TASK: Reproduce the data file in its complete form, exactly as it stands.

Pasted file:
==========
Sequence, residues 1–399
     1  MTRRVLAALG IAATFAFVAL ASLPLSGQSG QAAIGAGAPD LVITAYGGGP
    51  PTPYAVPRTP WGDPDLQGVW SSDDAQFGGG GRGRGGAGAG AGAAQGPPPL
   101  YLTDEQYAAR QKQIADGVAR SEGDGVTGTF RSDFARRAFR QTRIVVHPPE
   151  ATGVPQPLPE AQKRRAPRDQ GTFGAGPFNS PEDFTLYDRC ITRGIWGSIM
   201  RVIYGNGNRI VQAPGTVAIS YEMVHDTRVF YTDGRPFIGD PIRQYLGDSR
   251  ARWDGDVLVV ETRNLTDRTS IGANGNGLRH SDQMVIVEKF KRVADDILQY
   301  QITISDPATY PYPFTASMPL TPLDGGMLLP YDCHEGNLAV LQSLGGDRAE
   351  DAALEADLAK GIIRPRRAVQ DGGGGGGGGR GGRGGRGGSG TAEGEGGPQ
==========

Sequence, residues 1–399
     1  MTRRVLAALG IAATFAFVAL ASLPLSGQSG QAAIGAGAPD LVITAYGGGP
    51  PTPYAVPRTP WGDPDLQGVW SSDDAQFGGG GRGRGGAGAG AGAAQGPPPL
   101  YLTDEQYAAR QKQIADGVAR SEGDGVTGTF RSDFARRAFR QTRIVVHPPE
   151  ATGVPQPLPE AQKRRAPRDQ GTFGAGPFNS PEDFTLYDRC ITRGIWGSIM
   201  RVIYGNGNRI VQAPGTVAIS YEMVHDTRVF YTDGRPFIGD PIRQYLGDSR
   251  ARWDGDVLVV ETRNLTDRTS IGANGNGLRH SDQMVIVEKF KRVADDILQY
   301  QITISDPATY PYPFTASMPL TPLDGGMLLP YDCHEGNLAV LQSLGGDRAE
   351  DAALEADLAK GIIRPRRAVQ DGGGGGGGGR GGRGGRGGSG TAEGEGGPQ